I want to review the trial experience of a particular plaintiff lawyer in Ontario. Where can I get this information?

. . . no answer

Then how does one look up a lawyer's trial record in other jurisdictions around the world?

Maybe I can adapt the method to Ontario.

  • 1
    In the US federal court you could try to search by the attorney of record by searching something like RECAP for the last name of the attorney. You might find filings and such. Problem is the person who signs isn't necessarily the person with the "trial experience." I'd suggest that the way understand a lawyer's trial experience is to ask the attorney.
    – jqning
    Mar 25, 2016 at 4:17
  • @jqning That might be the answer I use. Now, if I were a defence lawyer wanting to size up an opponent, could I just boldly ask, 'What cases have you tried recently?' Mar 26, 2016 at 2:41

3 Answers 3


Sounds like you are doing this search surreptitiously. If not, the process is the same, except for asking the lawyer himself.

Regardless of the actual value of knowing a lawyer's trial experience - the value and knowledge of an attorney is much more than trial experience, and the best indicators of experience and judgement are the least public aspects of a lawyer's work - there are two major sources of information: public search engines and court record systems. Your searches will yield a lot of raw data in terms of personal names, case names and legal documents that you will need to use your own judgement when analyzing.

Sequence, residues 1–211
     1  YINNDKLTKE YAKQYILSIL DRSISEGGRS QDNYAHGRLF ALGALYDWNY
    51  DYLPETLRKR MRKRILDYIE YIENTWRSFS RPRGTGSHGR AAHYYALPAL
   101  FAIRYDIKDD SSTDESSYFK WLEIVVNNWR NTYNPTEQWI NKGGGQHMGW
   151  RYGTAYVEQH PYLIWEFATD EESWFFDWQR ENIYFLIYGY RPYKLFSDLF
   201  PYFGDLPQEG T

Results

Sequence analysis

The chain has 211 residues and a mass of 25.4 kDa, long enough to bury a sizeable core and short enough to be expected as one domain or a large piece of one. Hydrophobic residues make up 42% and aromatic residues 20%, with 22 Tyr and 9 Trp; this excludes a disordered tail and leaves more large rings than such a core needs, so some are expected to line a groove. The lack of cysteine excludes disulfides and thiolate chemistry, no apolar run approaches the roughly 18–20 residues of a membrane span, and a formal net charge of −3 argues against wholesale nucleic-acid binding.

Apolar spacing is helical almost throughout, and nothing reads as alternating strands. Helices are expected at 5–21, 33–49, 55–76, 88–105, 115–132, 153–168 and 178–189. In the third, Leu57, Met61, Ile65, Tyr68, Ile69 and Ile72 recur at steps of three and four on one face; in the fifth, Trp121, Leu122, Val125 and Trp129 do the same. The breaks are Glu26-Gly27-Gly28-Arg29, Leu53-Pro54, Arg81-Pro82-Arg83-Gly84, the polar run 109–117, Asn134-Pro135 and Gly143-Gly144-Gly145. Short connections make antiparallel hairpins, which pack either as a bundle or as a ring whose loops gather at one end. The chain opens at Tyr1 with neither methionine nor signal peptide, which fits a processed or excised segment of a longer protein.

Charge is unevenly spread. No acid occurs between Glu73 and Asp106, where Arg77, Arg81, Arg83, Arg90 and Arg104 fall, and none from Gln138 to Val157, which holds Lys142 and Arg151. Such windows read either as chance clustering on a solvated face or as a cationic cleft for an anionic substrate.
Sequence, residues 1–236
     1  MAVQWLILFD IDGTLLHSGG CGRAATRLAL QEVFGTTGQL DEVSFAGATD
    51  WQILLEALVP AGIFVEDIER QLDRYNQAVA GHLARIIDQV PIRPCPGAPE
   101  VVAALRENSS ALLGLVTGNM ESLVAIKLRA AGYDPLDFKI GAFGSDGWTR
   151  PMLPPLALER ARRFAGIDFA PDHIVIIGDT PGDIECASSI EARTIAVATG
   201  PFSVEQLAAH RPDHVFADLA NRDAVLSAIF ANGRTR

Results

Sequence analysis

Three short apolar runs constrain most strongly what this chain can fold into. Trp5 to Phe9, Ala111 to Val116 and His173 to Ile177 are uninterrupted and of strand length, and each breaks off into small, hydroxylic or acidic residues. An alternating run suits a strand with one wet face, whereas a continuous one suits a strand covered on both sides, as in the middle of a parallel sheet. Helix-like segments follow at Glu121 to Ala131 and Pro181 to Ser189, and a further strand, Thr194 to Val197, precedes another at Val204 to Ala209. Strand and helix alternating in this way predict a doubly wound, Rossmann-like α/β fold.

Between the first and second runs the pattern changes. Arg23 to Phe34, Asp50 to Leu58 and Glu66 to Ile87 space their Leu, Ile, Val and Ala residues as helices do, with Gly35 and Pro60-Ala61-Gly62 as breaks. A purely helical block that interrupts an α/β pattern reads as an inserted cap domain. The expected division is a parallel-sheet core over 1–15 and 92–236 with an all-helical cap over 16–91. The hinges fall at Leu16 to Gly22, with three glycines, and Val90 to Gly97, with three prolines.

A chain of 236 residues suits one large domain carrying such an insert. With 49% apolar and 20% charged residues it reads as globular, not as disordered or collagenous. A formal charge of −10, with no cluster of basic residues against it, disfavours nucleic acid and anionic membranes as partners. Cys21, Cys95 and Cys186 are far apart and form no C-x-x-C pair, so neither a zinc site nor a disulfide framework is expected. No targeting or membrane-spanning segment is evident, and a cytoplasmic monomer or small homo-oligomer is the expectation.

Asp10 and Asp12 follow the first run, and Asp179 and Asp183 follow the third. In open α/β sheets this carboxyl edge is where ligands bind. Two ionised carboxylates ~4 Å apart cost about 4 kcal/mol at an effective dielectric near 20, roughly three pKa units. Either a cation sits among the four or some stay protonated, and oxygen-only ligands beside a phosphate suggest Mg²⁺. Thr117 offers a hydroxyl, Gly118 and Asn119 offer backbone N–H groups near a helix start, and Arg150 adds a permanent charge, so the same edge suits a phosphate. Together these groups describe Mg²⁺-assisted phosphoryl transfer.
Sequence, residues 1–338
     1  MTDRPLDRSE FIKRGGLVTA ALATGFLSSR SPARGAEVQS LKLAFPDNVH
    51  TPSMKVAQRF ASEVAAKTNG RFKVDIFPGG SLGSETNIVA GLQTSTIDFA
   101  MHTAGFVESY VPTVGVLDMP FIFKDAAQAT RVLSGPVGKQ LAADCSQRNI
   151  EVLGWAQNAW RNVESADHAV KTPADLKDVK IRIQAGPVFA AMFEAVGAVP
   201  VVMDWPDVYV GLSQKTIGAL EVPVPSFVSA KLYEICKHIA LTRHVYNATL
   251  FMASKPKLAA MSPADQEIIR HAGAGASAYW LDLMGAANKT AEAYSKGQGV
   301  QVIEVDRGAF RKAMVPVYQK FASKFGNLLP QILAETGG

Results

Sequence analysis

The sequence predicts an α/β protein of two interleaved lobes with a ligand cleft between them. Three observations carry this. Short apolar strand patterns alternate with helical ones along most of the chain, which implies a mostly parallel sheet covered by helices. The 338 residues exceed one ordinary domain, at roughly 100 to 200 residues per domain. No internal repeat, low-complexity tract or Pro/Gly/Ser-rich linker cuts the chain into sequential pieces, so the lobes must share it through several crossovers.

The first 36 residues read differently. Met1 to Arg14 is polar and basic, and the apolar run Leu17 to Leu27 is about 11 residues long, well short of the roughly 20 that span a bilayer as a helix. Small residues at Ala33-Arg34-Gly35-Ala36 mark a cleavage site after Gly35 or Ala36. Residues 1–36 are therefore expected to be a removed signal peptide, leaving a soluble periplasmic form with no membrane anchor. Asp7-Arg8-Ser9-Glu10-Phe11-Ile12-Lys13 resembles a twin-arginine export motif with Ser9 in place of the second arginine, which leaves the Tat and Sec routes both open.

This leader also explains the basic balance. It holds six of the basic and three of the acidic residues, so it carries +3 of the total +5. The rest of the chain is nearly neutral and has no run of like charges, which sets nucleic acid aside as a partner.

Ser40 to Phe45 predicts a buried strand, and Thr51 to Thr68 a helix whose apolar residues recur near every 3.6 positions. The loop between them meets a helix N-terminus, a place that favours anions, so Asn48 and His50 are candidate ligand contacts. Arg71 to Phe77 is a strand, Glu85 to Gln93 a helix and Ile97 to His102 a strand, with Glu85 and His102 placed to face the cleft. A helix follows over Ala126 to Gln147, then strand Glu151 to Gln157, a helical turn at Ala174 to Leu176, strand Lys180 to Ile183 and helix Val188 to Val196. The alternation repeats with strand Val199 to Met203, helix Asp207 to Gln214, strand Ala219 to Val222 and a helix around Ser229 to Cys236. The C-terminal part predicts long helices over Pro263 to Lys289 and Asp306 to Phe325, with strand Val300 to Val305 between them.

Google: Best thing to do is start with Google and the lawyer's name. That may sound simplistic, but a simple Google search will give you any firms he is associated with, any news articles with his name in conjunction with trial cases, professional affiliations, and more. Once you find any references, you will find case names, names of past clients, and more. Search again. Follow all the rabbit trails.

Google doesn't typically show search results from commercial databases and library catalogs. Most public libraries have access to commercial journal and magazine databases that cover thousands of titles, including law journals, as well as databases of historical newspapers; if not, university libraries do. You may need to go to a state or provincial law college to access legal journals.

Contact the people - past clients, etc. - you find and ask them about the lawyer and the trials in question. I doubt very much any lawyer will have anything more to say that you need to talk to him yourself.

Bear in mind that if you misrepresent yourself to people you contact about the lawyer - you say you're looking for a long lost cousin on the pretext of finding out information about the lawyer and his cases - you're treading a fine legal line called pretexting. Pretext is legally defined as a reason for an action which is false while offered to cover up the true intention. If you pretext, it can come back to bite you.

Court records: Find the court record system for your jurisdiction. These will greatly vary, and vary between civil and criminal courts. Google will lead you to the website of the court jurisdiction in question; there will be different methods of access to the court records systems.

The big problem you're up against is that many cases are settled out of court, and there will be no records in court systems. And if there are records, you will have to parse the decisions to find out if the lawyer in question was actually involved.

As a last resort (other than asking the lawyer himself), hire an unemployed just-graduated law student to research for you :)